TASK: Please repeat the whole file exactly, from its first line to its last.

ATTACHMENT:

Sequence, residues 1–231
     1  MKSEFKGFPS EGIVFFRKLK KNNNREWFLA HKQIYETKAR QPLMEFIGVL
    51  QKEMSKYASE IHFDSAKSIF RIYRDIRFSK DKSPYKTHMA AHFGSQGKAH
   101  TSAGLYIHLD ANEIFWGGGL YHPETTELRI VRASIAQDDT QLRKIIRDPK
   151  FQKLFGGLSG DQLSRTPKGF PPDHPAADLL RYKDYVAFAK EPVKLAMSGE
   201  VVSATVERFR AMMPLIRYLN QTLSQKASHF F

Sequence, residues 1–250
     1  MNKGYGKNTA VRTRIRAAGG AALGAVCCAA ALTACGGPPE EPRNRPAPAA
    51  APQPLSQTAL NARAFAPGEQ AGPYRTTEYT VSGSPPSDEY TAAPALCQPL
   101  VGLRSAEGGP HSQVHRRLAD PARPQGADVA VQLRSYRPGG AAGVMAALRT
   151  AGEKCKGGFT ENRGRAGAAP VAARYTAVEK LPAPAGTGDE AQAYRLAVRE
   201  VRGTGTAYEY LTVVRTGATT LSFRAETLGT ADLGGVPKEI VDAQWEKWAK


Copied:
Sequence, residues 1–231
     1  MKSEFKGFPS EGIVFFRKLK KNNNREWFLA HKQIYETKAR QPLMEFIGVL
    51  QKEMSKYASE IHFDSAKSIF RIYRDIRFSK DKSPYKTHMA AHFGSQGKAH
   101  TSAGLYIHLD ANEIFWGGGL YHPETTELRI VRASIAQDDT QLRKIIRDPK
   151  FQKLFGGLSG DQLSRTPKGF PPDHPAADLL RYKDYVAFAK EPVKLAMSGE
   201  VVSATVERFR AMMPLIRYLN QTLSQKASHF F

Sequence, residues 1–250
     1  MNKGYGKNTA VRTRIRAAGG AALGAVCCAA ALTACGGPPE EPRNRPAPAA
    51  APQPLSQTAL NARAFAPGEQ AGPYRTTEYT VSGSPPSDEY TAAPALCQPL
   101  VGLRSAEGGP HSQVHRRLAD PARPQGADVA VQLRSYRPGG AAGVMAALRT
   151  AGEKCKGGFT ENRGRAGAAP VAARYTAVEK LPAPAGTGDE AQAYRLAVRE
   201  VRGTGTAYEY LTVVRTGATT LSFRAETLGT ADLGGVPKEI VDAQWEKWAK